Building rooftops represent one of the most valuable resources to harvest solar energy in cities. Nevertheless, this potential is limited by the urban morphology impacting the shading conditions. This study suggests a general methodology to assess the impact of urban form on solar harvesting. To this aim, a new GIS-based approach is developed to extract meaningful morphological parameters at a very large scale. The rooftop overall shading rate is here defined as a benchmark, and it is measured through a scaled insolation representing the ratio between the insolation of a surface within the urban context and its unshaded theoretical maximum. A set of 40 morphological features is calculated for 60,000 buildings in the Canton of Geneva (Switzerland), and the scaled solar insolation of about 350,000 roof pieces is derived from the Solar Cadaster of Geneva. The results outline the insolation distribution within the city and as a function of urban morphology. The rooftop overall shading rate shows moderate Pearson coefficients (r = 0.2/0.4) towards some parameters, namely building height, volume, and height difference with surroundings, while others seem irrelevant. Analysing the 48 Geneva municipalities one at a time, the denser downtown areas reach higher correlation levels (r = 0.4/0.6) compared to the suburban ones.

Evaluating the impact of urban morphology on rooftop solar radiation: a new city scale approach based on Geneva GIS data

Alessia Boccalatte;Marco Fossa
2022-01-01

Abstract

Building rooftops represent one of the most valuable resources to harvest solar energy in cities. Nevertheless, this potential is limited by the urban morphology impacting the shading conditions. This study suggests a general methodology to assess the impact of urban form on solar harvesting. To this aim, a new GIS-based approach is developed to extract meaningful morphological parameters at a very large scale. The rooftop overall shading rate is here defined as a benchmark, and it is measured through a scaled insolation representing the ratio between the insolation of a surface within the urban context and its unshaded theoretical maximum. A set of 40 morphological features is calculated for 60,000 buildings in the Canton of Geneva (Switzerland), and the scaled solar insolation of about 350,000 roof pieces is derived from the Solar Cadaster of Geneva. The results outline the insolation distribution within the city and as a function of urban morphology. The rooftop overall shading rate shows moderate Pearson coefficients (r = 0.2/0.4) towards some parameters, namely building height, volume, and height difference with surroundings, while others seem irrelevant. Analysing the 48 Geneva municipalities one at a time, the denser downtown areas reach higher correlation levels (r = 0.4/0.6) compared to the suburban ones.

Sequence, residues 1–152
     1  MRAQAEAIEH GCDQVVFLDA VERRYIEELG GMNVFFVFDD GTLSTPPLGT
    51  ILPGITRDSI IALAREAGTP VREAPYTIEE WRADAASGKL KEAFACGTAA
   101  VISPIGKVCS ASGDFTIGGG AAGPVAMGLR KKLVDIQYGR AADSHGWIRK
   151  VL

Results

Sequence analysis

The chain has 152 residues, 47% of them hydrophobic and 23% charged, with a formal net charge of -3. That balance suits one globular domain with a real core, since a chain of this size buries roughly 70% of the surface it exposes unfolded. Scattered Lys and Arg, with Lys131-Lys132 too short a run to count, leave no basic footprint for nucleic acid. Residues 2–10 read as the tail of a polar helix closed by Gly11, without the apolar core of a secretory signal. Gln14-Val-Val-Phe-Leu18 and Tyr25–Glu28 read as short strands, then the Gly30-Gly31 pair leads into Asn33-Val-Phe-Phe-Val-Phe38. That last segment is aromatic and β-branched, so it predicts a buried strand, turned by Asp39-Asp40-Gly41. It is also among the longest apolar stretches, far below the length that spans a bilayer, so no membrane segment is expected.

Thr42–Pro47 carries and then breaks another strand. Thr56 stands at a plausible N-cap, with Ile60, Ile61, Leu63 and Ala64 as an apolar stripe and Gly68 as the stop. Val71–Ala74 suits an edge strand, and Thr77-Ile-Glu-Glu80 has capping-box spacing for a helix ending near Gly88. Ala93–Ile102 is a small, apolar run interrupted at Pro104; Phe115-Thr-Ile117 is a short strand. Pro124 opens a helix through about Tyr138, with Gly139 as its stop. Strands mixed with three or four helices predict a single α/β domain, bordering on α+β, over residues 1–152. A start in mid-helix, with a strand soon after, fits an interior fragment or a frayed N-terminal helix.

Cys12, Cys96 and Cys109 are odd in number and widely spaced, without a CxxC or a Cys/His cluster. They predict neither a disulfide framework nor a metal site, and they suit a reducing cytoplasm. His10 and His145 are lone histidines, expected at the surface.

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Utilizza questo identificativo per citare o creare un link a questo documento: https://hdl.handle.net/11567/1096995
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